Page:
February for me was all about Graphic Novels

Well, here we are at the end of another month, and this bookworm is feeling pretty well-nourished by the books I’ve read during February.

My main focus this month was on exploring graphic novels, but with one YA novel thrown in for good measure.

Here’s the full monthly round-up!

Have you ever wanted to take a look inside your brain?

This brilliant book allows you to do just that!

Neurocomic is the debut graphic novel from Dr Matteo Farinella and Dr Hana Ros, and was published ten years ago in 2013.

The blurb:

Do you know what your brain is made of? How does memory function? What is a neuron and how does it work? For that matter, what’s a comic? And in the words of Lewis Carroll’s famous caterpillar:“who are you?”
Supported by the Wellcome Trust,this debut graphic novel by Dr. Matteo Farinella and Dr.Hana Ros is a journey through the human brain: a place of neuron forests, memory caves and castles of deception. Along the way, you’ll encounter Boschean beasts, giant squid, guitar-playing sea slugs and the great pioneers of Neuroscience.

This is a thoroughly enjoyable and educational journey around the human brain, told in an accessible way that will appeal to even the most unscientific of readers. I loved it!

A fascinating and engaging graphic novel about the history of one room in one house, over many years.

(All images from: www.richard-mcguire.com)

This has to be one of the most imaginative, ground-breaking and emotive graphic novels that I’ve ever read; a true work of art.

Published in 2014, Here by Richard McGuire, is a sort of time-traveling graphic novel that goes back and forth in years, decades and centuries, often depicting several different snapshots of multiple years all on the same page, and in just one room of a single house (as shown above and below).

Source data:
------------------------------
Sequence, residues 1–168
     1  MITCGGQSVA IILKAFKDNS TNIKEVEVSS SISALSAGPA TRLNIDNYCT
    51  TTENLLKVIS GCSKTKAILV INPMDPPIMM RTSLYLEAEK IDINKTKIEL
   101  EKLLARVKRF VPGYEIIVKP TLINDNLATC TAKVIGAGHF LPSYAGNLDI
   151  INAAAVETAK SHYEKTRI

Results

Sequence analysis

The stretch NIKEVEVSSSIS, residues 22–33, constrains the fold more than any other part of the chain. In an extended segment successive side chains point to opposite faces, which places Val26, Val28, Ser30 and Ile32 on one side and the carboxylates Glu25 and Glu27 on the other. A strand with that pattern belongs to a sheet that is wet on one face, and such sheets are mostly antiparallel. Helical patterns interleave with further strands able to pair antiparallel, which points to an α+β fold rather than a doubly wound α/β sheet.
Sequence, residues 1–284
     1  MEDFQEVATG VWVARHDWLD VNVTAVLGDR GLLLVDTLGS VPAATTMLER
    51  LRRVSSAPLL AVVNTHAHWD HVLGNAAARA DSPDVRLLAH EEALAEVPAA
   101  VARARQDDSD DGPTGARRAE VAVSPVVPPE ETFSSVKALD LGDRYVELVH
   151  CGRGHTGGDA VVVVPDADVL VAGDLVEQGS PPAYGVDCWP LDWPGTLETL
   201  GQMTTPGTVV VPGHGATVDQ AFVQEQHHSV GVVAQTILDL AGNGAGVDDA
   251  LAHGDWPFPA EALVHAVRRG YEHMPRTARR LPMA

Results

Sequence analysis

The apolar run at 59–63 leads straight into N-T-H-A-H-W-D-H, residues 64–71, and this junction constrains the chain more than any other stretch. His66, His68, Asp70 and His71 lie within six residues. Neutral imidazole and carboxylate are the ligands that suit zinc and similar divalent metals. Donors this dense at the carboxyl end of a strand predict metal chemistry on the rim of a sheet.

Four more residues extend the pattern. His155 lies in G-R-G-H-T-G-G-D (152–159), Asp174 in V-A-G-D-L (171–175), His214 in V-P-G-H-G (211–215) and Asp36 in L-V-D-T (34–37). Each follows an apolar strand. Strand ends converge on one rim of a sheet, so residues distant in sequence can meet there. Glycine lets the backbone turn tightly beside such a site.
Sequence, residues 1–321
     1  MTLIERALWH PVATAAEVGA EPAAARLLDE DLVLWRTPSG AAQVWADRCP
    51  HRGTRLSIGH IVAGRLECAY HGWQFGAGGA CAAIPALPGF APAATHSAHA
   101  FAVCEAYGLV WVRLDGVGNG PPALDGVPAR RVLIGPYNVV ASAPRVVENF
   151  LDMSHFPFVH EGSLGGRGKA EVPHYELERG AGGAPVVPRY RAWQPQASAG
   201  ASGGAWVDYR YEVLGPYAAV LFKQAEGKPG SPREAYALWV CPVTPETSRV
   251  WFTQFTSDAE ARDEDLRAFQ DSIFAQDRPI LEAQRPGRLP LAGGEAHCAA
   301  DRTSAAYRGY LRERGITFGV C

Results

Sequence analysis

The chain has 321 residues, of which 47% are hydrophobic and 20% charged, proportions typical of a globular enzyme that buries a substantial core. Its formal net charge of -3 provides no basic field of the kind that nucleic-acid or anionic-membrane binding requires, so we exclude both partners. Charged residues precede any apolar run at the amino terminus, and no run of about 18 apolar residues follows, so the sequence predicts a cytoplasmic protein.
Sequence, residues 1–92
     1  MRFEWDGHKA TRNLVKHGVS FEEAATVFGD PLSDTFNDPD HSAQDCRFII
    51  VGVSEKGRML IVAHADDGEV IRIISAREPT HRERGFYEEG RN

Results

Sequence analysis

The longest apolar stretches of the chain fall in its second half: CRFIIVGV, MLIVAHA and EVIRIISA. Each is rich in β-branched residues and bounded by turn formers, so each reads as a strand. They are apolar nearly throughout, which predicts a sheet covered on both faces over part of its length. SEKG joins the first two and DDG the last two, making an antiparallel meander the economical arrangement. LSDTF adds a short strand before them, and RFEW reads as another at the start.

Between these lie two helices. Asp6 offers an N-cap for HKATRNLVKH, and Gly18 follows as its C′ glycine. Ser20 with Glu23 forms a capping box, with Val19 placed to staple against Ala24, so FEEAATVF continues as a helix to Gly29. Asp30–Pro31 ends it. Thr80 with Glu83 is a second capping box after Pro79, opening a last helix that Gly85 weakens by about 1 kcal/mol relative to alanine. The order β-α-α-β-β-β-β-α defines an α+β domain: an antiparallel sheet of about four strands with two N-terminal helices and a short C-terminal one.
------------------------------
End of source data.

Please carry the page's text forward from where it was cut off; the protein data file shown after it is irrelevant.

The New York Times said:

“Here” is the ­comic-book equivalent of a scientific breakthrough. It is also a lovely evocation of the spirit of place, a family drama under the gaze of eternity and a ghost story in which all of us are enlisted to haunt and be haunted in turn.

The Guardian said:

At one point, a dinosaur wanders across the pages; at another, the author ponders a future apocalypse. In between, there are walk-on parts for generations of McGuire relatives (we’re in Perth Amboy, New Jersey, where he grew up); for Benjamin Franklin, who on the eve of the American revolution travelled to a house nearby to argue with his estranged son; and for the Lenape, the Native Americans who inhabited Delaware before the arrival of the European settlers. McGuire treats time as a hopscotch-playing child treats a pavement: he parcels it into squares, and then jumps all over it.

Wired said: